NXT Gives Houston a Closer Look at the Future of the WWE

Tyler Breeze, Finn Bálor and Samoa Joe were part of the Houston NXT experience.
Tyler Breeze, Finn Bálor and Samoa Joe were part of the Houston NXT experience.
Courtesy of WWE

There’s a simple truth that wrestling fans know deep in their heart: the business of professional wrestling is cyclical. There are high times and lean times, great shows and awful shows, golden eras and eras best left forgotten. Like much of the entertainment industry, professional wrestling also has to fight the good fight against technology and is part of the war to get people to leave their homes and enjoy a night out.

On a macro level, the WWE has never shied away from the adapt side of the Adapt or Die mantra (we will avoid the micro level to avoid yet another debate about John Cena). From proving that a wrestling company could go national (and eventually global) instead of being a regional territory to embracing PPV, the WWE managed to grow into the dominant brand of wrestling (what they call sports entertainment) in the world.

Over the past few years, the WWE has tried a number of things to keep their brand strong in this modern age, including tearing down the wall between superstars and fans by going all in on social media and creating their own streaming service, the WWE network.

The most interesting of these new initiatives is the reinvention of their developmental brand. The WWE will always need more talent, but with the rise of MMA, the big 4 sports still offering the potential for higher paydays and the lack of a serious national competitor, it’s not easy to find new stars to replace those reaching the end of their run.

NXT aims to solve that. Simply put, it’s the WWE farm league, a place where those athletes new to the company can get experience wrestling in front of live crowds, work on what their character is and generally become ready to make the jump to live TV.

NXT is good for the company because they don’t just have to sign folks and hope for the best. It’s good for athletes who are – due to injury, worries about concussions or a lack of passion for their sport – looking for a new career direction. And it’s good for fans, who not only have another wrestling show to follow, but also get a new live experience to check out as NXT expands as a touring brand.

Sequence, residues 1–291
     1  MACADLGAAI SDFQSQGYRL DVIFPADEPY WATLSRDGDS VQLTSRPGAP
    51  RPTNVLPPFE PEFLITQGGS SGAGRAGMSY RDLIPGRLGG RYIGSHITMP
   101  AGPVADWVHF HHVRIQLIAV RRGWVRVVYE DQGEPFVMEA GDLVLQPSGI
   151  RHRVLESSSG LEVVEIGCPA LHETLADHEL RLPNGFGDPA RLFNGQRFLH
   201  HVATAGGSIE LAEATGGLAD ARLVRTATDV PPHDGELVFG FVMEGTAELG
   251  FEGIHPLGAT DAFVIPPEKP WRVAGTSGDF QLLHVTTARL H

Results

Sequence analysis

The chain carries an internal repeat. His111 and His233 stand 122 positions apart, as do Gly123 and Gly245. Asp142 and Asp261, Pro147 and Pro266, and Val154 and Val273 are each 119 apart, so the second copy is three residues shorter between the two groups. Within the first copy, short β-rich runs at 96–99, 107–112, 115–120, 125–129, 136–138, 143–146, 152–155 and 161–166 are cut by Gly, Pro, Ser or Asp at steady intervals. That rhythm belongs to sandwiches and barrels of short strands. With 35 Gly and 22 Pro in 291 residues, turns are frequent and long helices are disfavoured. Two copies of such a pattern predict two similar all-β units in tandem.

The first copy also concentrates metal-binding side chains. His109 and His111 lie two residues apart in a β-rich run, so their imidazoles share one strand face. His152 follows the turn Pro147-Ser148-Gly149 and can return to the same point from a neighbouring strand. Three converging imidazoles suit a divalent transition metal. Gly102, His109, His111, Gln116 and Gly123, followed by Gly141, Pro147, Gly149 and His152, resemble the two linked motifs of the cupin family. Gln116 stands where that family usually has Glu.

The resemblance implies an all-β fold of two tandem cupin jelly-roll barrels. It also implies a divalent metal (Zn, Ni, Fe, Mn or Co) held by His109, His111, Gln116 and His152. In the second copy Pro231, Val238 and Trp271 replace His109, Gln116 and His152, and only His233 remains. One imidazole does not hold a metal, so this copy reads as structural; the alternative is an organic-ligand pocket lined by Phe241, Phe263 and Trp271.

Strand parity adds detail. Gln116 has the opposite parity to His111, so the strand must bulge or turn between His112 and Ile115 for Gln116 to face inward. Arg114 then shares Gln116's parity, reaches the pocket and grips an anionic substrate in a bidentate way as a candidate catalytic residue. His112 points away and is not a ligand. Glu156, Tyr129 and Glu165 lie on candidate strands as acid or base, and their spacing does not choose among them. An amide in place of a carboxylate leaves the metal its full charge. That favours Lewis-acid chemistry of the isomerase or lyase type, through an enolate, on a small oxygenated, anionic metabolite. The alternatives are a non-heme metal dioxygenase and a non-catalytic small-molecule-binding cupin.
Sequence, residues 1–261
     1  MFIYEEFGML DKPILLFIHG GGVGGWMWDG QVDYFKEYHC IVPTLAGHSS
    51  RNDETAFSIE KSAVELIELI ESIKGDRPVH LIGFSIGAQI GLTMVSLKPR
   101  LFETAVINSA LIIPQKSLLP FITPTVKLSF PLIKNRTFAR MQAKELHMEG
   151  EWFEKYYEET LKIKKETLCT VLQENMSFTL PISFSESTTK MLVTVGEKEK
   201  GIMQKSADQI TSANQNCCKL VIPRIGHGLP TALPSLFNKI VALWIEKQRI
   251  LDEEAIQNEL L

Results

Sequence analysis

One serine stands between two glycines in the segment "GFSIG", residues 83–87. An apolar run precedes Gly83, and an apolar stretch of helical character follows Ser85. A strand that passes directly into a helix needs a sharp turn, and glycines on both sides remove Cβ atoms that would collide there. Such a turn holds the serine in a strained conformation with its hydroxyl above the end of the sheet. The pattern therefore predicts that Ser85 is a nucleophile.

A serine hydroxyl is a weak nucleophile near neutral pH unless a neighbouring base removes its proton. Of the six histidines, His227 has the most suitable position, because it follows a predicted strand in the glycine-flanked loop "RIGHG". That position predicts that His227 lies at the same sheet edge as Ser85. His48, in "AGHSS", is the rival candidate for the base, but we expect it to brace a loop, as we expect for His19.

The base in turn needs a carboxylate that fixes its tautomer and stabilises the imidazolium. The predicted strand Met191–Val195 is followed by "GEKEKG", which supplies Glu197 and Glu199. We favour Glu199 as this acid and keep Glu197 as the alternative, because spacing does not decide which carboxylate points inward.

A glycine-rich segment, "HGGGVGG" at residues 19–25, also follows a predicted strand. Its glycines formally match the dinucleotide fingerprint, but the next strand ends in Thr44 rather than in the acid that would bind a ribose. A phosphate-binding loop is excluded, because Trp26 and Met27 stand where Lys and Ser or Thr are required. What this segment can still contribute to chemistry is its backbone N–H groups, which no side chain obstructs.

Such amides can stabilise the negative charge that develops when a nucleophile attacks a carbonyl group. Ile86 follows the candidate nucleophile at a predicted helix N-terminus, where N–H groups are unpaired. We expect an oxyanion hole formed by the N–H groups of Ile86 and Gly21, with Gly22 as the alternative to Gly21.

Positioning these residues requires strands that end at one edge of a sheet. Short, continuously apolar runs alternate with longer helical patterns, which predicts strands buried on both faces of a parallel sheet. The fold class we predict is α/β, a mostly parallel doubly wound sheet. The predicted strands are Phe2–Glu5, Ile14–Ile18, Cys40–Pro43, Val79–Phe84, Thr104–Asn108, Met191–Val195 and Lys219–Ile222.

Houston got its first chance to see the stars of tomorrow as NXT made its very first trip to Texas, ahead of Sunday’s big PPV event Night of Champions over at the Toyota Center. This felt like something special, and not just because seeing wrestling at Revention is a thing that hasn’t happened since ECW still existed.

There’s an excitement about NXT among the more heavily invested wrestling fans. The talents are younger, the matches more dynamic, the stories simpler but more engaging. The characters are more dynamic, free of the constraints of what will work in a building that holds 12,000 people. Simply put, it’s just more fun.

No one really embodies that more than NXT Women’s Champion Baylee. She may be the best pure face in the entire company, and her ability to connect with crowds both young and old is going to bring in so much money for the WWE when she makes it to television. Her persona is so upbeat and happy without feeling fake that you can’t help but root for her.

On the men’s side of things, getting an up close look at Finn Bálor and Apollo Crews feels like getting a look at two future main eventers. Finn is the total package: he’s incredibly gifted in the ring, has a star aura about him and, you really can’t avoid mentioning this but sorry to get superficial all the same, looks amazing. (That body. That face. Swoon.) Meanwhile, Apollo Crews is a next level athlete. He looks like the type of dude that would demolish you in a bar fight, while still managing to pull off feats of agility that don’t seem possible.

You can never tell in the world of wrestling what will work and what won’t. People you think are sure successes flame out. People you think will never get the chances they deserve sometimes end up becoming the most popular guy in the company. It’s a weird business.

But for the first time in a long time, it feels like the WWE has a real future. As a wrestling fan, that’s exciting. Wrestling would survive without the WWE – there are multiple great companies running in Texas alone - but I’d miss my Monday night wrestling and monthly PPVs.

I just hope we don’t have to wait until Houston gets another PPV to get the NXT experience again.


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